The cost of the psychological addiction to statistical significance can be measured by the “power function.” Power asks, “What in the proffered experiment is the probability of correctly rejecting the null hypothesis, concluding that the null hypothesis is indeed false when it...

#### 13. The Psychology of Psychological Significance Testing

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pp. 140-153

Why have psychologists been unwilling to listen? One reason seems to be insecurity in a so-called soft or subjective field. Recall even the learned Paul Meehl, a psychological scientist as well as a philosopher, speaking of his own field as “soft.” The “hard/soft” dichotomy is surely a poor one...

#### 14. Medicine Seeks a Magic Pill

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pp. 154-164

In general you wish to know the probability that your medical hypothesis,
*H*, is true in view of the incomplete facts of the world. This is a problem
of inference, inferring the likelihood of a result from data. If the symptoms
of cholera start in the digestive system, then ingestion of something...

#### 15. Rothman’s Revolt

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pp. 165-175

As early as 1978 the situation was sufficiently dire that two contributors
to the *New England Journal of Medicine*, Drummond Rennie and Kenneth
J. Rothman, published op-ed pieces in the journal pages about the
matter (Rennie 1978; Rothman 1978). Rennie, the deputy editor of the...

#### 16. On Drugs, Disability, and Death

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pp. 176-186

By 1988 the International Committee of Medical Journal Editors had been sufficiently pressured by the Rothmans and Altmans to revise their “uniform requirements for manuscripts submitted to biomedical journals.” “When possible,” the committee wrote, “quantify findings and present...

#### 17. Edgeworth’s Significance

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pp. 187-192

How could such a strange scientific turn have taken place? How could it
be that so many sciences became sizeless and (*p* < .05) hazardous to
health and wealth?
Francis Ysidro Edgeworth (1845–1926), the inventor of the very word...

#### 18. “Take 3sigma as Definitely Significant”: Pearson’s Rule

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pp. 193-202

The argument from odds is old. Stephen Stigler notes that one might read a significance test into the clinical trial in the Book of Daniel (1:12–16), though “[i]t may be a stretch” as “the significance level and even the test statistic were left vague there...

#### 19. Who Sits on the Egg of *Cuculus Canorus*? Not Karl Pearson

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pp. 203-206

An early case, applied to the eggs of the cuckoo bird, illustrates literally
the feel of substantive as against statistical significance. “The Egg of
*Cuculus Canorus*” (1901) by Oswald Latter was one of the first articles
published in...

#### 20. Gosset: The Fable of the Bee

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pp. 207-213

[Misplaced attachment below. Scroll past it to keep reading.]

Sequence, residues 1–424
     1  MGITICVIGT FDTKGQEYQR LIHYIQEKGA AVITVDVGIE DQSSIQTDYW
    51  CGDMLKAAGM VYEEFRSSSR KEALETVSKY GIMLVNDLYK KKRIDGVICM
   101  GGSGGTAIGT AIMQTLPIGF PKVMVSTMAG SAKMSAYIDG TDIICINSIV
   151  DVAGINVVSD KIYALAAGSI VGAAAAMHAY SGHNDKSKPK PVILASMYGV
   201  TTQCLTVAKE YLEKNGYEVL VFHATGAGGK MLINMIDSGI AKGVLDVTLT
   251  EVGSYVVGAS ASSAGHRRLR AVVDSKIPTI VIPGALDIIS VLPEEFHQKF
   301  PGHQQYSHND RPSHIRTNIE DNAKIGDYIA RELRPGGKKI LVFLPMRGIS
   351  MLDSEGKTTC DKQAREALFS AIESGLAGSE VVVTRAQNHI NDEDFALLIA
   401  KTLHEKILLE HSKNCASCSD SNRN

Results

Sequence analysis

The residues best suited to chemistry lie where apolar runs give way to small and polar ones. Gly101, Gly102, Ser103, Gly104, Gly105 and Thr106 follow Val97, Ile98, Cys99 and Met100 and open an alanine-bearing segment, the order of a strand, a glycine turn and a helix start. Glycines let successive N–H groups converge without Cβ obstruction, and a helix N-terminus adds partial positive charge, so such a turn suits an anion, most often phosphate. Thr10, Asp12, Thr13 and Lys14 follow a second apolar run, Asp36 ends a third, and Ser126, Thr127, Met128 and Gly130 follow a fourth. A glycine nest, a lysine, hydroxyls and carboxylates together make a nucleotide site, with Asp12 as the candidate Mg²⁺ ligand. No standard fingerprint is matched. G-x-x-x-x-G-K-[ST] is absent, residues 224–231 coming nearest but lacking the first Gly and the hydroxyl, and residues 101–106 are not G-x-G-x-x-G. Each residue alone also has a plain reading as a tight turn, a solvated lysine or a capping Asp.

Karl Pearson couldn’t learn from Gosset. But Gosset couldn’t learn much from Pearson, either. “I am bound to say that I did not learn very much from his lectures,” he told Egon. “I never did from anyone’s and my mathematics were inadequate for the task,” he continued...

#### 21. Fisher: The Fable of the Wasp

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pp. 214-226

If Gosset was the Bee, his difficult friend Fisher was the Wasp. Gosset patiently tried for a quarter century to teach Fisher about human relations, such as the importance of being kind and telling the truth and practicing humility and giving credit to other scientists and being accurate about...

#### 22. How the Wasp Stung the Bee and Took over Some Sciences

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pp. 227-237

In 1922 Fisher wrote to Gosset, soliciting Gosset’s new table of *t*. Fisher
was eager to put the updated table in the first edition of his *Statistical
Methods for Research Workers*. They would call Gosset’s tables “the table
of ‘Student’s’...

#### 23. Eighty Years of Trained Incapacity: How Such a Thing Could Happen

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pp. 238-244

Thorstein Veblen—Oswald Veblen’s uncle, we noted, and so, astonishingly, the intellectual granduncle of Harold Hotelling—spoke in a famous phrase of the “trained incapacity” of a businessman to attend to anything but pecuniary profit. In fact Veblen used the phrase only once, on page...

#### 24. What to Do

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pp. 245-251

Our first suggestion is mild and educational. Scientists in the sizeless sciences need to start telling each other to seek substance. They need to stop believing that the translation of a problem into probability space relieves them of the need to consider oomph and loss functions. The ritualism of...

#### A Reader’s Guide

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pp. 253-254

Although our approach is mostly nontechnical, we assume the reader is broadly familiar with testing, estimation, and error statistics as used in the life and human sciences. Some readers may appreciate guidance along these lines...

#### Notes

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pp. 255-264

#### Works Cited

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pp. 265-287

#### Index

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pp. 289-320

E-ISBN-13: 9780472026104

E-ISBN-10: 0472026100

Print-ISBN-13: 9780472050079

Print-ISBN-10: 0472050079

Page Count: 352

Publication Year: 2008

Series Title: Economics, Cognition, and Society